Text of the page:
Who’s in, out at customs known in 2 weeks | Inquirer News

Who’s in, out at customs known in 2 weeks

SHAPE UP OR SHIP OUT In a closed-door meeting Friday, Customs Chief Ruffy Biazon urged 47 customs collectors from all over the country, whom he called “little commissioners,” to reform their turf to lift the bureau from its crisis mode. (Inset, from left) The so-called Three Kings: Carlos So, reportedly backed by the Iglesia ni Cristo, Rogel Gatchalian, reportedly backed by Sen. Juan Ponce Enrile, and Ricardo Belmonte reportedly backed by his brother, House Speaker Feliciano Belmonte Jr. NIÑO JESUS ORBETA

Don’t expect all their heads to roll.

Nearly two weeks after President Aquino railed against corruption in the Bureau of Customs, Customs Commissioner Ruffy Biazon on Friday said he would announce within two weeks who among the district and subport customs collectors would be reshuffled.


Biazon also urged the collectors—whom he described as “little commissioners”—to reform thoroughly their old jurisdictions or new assignments during a closed-door meeting with 47 of them in Manila Friday morning.


He said he also ordered the heads of the bureau’s intelligence and enforcement divisions to submit reorganization plans so that these could also be revamped.

“We have a timetable of two weeks [for the collectors’ reshuffle] to also get the go-signal of higher-ups for the new assignments,” Biazon said in a press conference after the meeting.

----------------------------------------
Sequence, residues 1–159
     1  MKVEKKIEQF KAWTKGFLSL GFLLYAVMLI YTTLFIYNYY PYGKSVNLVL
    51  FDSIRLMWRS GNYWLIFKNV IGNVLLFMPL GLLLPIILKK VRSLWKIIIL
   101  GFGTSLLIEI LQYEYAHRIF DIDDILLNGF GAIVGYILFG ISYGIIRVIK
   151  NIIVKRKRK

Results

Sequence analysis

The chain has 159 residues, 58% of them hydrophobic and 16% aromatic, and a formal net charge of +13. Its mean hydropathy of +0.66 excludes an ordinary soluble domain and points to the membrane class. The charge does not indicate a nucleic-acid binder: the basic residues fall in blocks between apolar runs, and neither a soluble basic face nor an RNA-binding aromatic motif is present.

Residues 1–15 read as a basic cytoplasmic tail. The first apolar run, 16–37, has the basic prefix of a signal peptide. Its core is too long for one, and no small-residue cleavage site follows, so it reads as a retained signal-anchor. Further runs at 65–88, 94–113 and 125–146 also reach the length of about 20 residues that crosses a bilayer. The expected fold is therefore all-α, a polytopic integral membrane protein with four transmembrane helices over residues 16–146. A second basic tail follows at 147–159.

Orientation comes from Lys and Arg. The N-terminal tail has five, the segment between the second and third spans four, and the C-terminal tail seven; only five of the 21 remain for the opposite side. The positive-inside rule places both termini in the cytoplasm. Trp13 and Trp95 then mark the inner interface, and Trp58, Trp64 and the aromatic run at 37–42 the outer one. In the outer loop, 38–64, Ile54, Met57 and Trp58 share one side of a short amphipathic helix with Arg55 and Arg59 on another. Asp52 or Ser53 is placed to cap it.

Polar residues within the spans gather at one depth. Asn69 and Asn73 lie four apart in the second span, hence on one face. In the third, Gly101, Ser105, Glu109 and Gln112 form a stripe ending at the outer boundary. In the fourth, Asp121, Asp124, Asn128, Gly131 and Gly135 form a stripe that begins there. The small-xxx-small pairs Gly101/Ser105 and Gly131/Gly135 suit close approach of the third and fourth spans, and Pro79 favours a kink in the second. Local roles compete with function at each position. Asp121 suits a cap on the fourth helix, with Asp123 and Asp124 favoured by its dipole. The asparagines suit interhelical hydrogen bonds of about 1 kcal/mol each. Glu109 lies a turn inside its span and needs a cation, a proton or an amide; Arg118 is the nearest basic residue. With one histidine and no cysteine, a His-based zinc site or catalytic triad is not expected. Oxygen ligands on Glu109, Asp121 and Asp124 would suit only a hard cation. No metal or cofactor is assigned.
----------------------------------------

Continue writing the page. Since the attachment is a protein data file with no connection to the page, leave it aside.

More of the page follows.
“The bureau is in a crisis… It has been suffering from negative perception and therefore, each and every one of us must provide the desire and the determination to earn the trust of the Filipino people,” he said.

Biazon said he would decide who among the collectors should be removed and his decision would be based on their performance as revenue collectors (40 percent), enforcement against smuggling (30 percent) and feedback from “stakeholders,” presumably the public (30 percent).


Collectors’ support

He noted that the district and subport collectors had already given him either written or verbal assurances that they were willing to relinquish their posts.

“By submitting your letters of relinquishment, you are showing that you are one with our reform program, you are committed,” Biazon said he told the collectors.

“And, of course, with your commitment comes my expectations. And if my expectations are failed, then sorry. We have to set you aside,” he said.

“Because as we strive for reform, it is either everyone is on board or you get left behind,” he added.

But being left behind apparently does not necessarily mean being kicked out of the agency, as Biazon also said no collector would be fired or demoted.

When asked about criticisms that he was just shuffling people around, Biazon said: “Probably, the one who made that comment does not know the process of removing somebody from office.”

He pointed out that kicking out people from the civil service requires bringing lawsuits to accord them due process.

Due process

“You cannot just fire somebody from the civil service. But definitely, we are looking for such cases and in my term, there have been many who have been dismissed from the service, even up to the rank of collector,” Biazon said.